Stephen Watson of BC Hydro says despite all of the major regional projects and milestones met in 2017, overall it was an “average” year, which is just the way they like it.
“We don’t like it really dry or really wet,” Watson told council at their final meeting of the year while giving Campbell River city council a rundown of the corporation’s activities in the region throughout 2017 and highlighting what’s coming up in the new year in terms of work yet to be completed and those projects’ effects on the community.
“It was another important year for BC Hydro in terms of the Campbell River system,” Watson says.
The most obvious of the projects on the system is the John Hart Generating Station Replacement Project, which Watson says “is still tracking on time and on budget, and will go operational in the fall of next year.”
The “big acheivement” on that project in 2017, Watson says, “was the completion of the rock removal from the tunnels. We finished that in June, so that’s a big milestone for us.”
One of the things Watson is most proud of on the John Hart project was the completion of the “in-reservoir” work completed by their construction contractors – SNC Lavalin, Aecon Group, Frontier Kemper and Hatfield Consultants.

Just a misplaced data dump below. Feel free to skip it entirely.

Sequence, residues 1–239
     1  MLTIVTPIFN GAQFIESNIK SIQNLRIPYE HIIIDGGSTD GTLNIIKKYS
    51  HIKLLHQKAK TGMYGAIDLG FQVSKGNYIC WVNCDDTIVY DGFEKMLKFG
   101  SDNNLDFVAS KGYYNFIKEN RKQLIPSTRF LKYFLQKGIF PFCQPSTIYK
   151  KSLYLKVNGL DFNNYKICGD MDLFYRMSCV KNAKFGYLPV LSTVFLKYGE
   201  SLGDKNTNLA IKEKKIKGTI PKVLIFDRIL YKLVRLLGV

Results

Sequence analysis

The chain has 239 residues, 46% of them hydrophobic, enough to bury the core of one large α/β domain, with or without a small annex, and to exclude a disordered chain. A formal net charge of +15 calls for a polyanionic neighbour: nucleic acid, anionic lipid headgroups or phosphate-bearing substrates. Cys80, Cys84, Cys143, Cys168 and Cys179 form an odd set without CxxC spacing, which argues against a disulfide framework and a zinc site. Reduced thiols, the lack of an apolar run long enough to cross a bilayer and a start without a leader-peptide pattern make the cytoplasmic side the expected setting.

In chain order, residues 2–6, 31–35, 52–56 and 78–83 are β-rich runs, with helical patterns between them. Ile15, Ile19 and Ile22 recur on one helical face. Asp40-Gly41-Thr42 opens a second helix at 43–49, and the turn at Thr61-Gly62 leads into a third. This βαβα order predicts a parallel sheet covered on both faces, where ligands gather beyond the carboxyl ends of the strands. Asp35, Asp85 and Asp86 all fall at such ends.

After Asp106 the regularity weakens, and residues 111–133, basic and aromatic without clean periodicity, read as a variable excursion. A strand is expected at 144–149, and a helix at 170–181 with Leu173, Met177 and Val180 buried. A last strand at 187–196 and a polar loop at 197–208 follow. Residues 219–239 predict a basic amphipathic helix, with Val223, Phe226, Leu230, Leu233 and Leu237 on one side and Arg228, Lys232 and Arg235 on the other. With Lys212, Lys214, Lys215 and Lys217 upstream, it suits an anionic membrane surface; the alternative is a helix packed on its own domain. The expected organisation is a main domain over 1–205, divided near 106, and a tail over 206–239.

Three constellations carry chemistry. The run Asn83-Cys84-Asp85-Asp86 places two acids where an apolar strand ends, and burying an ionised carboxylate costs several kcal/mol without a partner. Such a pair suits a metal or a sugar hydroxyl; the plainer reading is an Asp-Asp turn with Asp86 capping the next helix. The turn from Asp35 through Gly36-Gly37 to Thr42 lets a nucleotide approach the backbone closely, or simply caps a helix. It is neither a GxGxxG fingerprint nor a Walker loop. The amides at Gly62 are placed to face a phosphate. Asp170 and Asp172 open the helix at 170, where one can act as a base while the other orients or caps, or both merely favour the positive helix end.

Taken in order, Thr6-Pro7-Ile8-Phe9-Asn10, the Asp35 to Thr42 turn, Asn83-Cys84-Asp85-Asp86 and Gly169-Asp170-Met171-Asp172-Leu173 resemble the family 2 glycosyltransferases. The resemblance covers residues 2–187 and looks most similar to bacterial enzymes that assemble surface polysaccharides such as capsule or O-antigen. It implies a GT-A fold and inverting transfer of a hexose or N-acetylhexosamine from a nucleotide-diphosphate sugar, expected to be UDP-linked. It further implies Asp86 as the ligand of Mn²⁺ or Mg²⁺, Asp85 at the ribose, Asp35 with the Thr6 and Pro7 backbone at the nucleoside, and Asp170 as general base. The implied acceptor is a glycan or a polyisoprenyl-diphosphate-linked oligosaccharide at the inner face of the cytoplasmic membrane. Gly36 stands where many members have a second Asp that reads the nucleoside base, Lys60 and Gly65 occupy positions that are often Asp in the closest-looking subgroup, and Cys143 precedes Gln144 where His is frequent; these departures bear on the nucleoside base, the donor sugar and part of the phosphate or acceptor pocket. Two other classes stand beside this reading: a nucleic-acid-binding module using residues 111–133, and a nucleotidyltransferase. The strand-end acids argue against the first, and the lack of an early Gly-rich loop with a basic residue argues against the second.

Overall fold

“That work was a big risk for the project, but they were able to contain that work zone and didn’t have one water quality issue within the reservoir,” Watson told council. “Given the city’s domestic water intake is only a couple hundred metres away, that was a big achievement and we’re very pleased about that.”
The corporation also completed the decommissioning and removal of the Salmon River Diversion Dam last year, as well as completing the seismic upgrading of the substation on 7th Avenue.
“We found the south and north slopes could slump or fail in an earthquake, so we completed that work, too.”
The big projects coming up for BC Hydro in the region going forward – other than getting the generating station fully operational, obviously – is the beginning of the seismic upgrading on the rest of the dams in the Campbell River system and finishing the work on the substation.
“As we all know, Campbell River is growing, and the existing substation at the top of 7th Avenue needs to be increased in terms of capacity,” Watson told council. “The third transformer goes into service in March, so we’ll have four new circuit positions coming out of that transformer and that’ll serve the city well into the next few decades.”
Coun. Charlie Cornfield asked Watson what the timeline is for the re-opening of the roads that were closed while the construction took place up at John Hart. Watson says he expects the road across the dam will re-open in April, but there are likely to be a few intermittent closures after that, provided they receive the proper permits from the city to do so.
“And then, of course, it will be closed again in 2021,” Watson says, in order to begin the seismic upgrade work on the rest of the dams in the system.